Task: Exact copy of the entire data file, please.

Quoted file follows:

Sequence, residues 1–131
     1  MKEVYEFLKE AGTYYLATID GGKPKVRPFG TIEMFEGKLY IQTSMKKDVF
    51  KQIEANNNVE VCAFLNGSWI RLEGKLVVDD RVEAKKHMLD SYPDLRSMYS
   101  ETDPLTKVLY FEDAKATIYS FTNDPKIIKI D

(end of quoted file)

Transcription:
Sequence, residues 1–131
     1  MKEVYEFLKE AGTYYLATID GGKPKVRPFG TIEMFEGKLY IQTSMKKDVF
    51  KQIEANNNVE VCAFLNGSWI RLEGKLVVDD RVEAKKHMLD SYPDLRSMYS
   101  ETDPLTKVLY FEDAKATIYS FTNDPKIIKI D